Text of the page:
Stakeholder Relationships, Social Responsibility, and Corporate Governance
Stakeholders Define Ethical Issues in Business
• Stakeholders are those who have a stake or claim in some aspect of a company’s products, operations, markets, industry and outcomes:
– Customers – Investors
– Employees – Suppliers
– Government agencies – Communities
• Stakeholders provide tangible and intangible resources critical to a firm’s success.
Types of Stakeholders
• Primary stakeholders are those whose continued association is absolutely necessary for a firm’s survival.
– Employees, customers, investors, governments and communities
• Secondary stakeholders do not typically engage in transactions with a company and are therefore not essential to its survival.
– Media, trade associations, and special interest groups
Interactions Between a Company and Its Primary and Secondary Stakeholders
• Stakeholder orientation is the degree to which a firm understands and addresses stakeholder demands. Involves three activities:
– Generation of data about stakeholder groups
– Distribution of the information throughout the firm
– The responsiveness of every level of this to this intelligence
Social Responsibility and Profitability
• Business ethics comprises principles and standards that guide behavior in business.
• Social responsibility is an organization’s obligation to maximize its positive impact on stakeholders and minimize its negative impact.
• Four levels of social responsibility:
Steps of Social Responsibility
• Four interrelated dimensions of corporate citizenship:
– Strong sustained economic performance
– Rigorous compliance
– Ethical actions beyond what is required by the law
– Voluntary contributions that advance reputation and stakeholder commitment
• How does the firm act on its commitment to the corporate citizenship philosophy? Does it measure the extent to which it follows through by implementing initiatives?
• The formal systems of accountability, oversight, and control
– Refers to how closely workplace decisions are aligned with a firm’s stated strategic direction
– Provides a system of checks and balances that limits employees and manages opportunities to deviate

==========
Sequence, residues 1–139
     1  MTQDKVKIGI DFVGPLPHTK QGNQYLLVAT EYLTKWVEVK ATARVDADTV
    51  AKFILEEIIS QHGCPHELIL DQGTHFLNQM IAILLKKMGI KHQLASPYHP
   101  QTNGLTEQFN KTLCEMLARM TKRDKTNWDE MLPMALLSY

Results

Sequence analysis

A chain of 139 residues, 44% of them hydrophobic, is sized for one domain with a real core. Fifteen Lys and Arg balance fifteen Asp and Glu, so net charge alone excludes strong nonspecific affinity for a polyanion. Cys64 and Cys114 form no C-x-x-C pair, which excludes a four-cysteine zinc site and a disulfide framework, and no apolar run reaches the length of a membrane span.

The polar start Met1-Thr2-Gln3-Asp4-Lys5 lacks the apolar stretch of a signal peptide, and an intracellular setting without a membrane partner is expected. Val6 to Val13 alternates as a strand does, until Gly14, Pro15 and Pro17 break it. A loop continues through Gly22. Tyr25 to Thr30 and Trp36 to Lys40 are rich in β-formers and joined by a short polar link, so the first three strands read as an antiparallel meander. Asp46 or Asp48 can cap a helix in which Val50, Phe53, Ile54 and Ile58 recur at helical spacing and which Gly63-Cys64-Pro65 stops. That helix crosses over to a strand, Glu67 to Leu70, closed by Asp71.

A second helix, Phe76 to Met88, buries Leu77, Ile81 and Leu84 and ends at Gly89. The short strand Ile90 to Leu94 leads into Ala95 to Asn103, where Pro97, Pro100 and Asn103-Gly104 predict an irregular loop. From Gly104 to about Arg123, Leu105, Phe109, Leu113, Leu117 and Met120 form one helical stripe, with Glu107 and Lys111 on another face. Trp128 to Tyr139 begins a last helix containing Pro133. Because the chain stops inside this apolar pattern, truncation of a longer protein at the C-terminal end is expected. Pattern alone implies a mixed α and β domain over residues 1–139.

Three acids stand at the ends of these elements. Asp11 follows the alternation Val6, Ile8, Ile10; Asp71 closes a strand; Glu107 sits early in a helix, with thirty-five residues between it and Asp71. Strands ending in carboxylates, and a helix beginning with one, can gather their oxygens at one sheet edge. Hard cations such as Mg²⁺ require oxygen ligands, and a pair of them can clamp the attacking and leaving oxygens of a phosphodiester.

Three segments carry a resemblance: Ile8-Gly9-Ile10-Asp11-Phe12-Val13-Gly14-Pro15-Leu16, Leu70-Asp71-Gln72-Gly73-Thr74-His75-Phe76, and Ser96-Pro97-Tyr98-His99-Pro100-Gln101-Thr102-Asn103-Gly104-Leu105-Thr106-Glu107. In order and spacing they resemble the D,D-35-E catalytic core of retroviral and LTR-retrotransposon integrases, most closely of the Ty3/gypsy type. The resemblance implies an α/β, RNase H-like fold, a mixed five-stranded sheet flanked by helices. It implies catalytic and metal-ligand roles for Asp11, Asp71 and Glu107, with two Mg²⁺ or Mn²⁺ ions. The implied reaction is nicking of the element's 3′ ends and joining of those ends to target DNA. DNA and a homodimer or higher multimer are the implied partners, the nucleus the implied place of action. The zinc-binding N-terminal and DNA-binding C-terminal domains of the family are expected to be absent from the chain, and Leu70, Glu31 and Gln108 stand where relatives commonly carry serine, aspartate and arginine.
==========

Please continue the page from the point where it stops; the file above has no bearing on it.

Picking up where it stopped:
– The process of auditing and improving organizational decisions and actions
Corporate Governance Issues
• Shareholder rights
• Risk management
• Executive compensation
• Auditing and control
• Board of directors composition
• CEO selection and termination decisions
• Integrity of financial reporting
• Shareholder participation and input level
• Compliance with corporate governance reform
• CEO’s role in board decisions
• Organizational ethics programs
• Shareholder model
– Founded in classic economic precepts, including the maximization of wealth for investors and owners
• Stakeholder model
– Adopts a broader view of the purpose of business that includes satisfying the concerns of other stakeholders, from employees, suppliers, and government regulators to communities and special interest groups
– Persons placed in positions of trust who use due care and loyalty in acting on the behalf of the best interests of the organization
• Both directors and officers of corporations are fiduciaries for the shareholders
• Issues related to corporate boards and directors
The Role of Boards of Directors
• Ultimate responsibility for their firms’ success or failure, as well as for the ethics of their actions
• Increased demands for accountability and transparency
• Trend toward “outside directors” chosen for their expertise, competence, and ability to improve strategic decision making
• Issues of executive compensation
Issues of Executive Compensation
• Evaluate the extent to which executive compensation is linked to performance.
• Does performance-linked compensation lead to a short-term focus at the expense of long-term growth?
Implementing a Stakeholder Perspective
• Step 1: Assessing the corporate culture
• Step 2: Identifying stakeholder groups
• Step 3: Identifying stakeholder issues
• Step 4: Assessing organizational commitment to social responsibility
• Step 5: Identifying resources and determining urgency
• Step 6: Gaining stakeholder feedback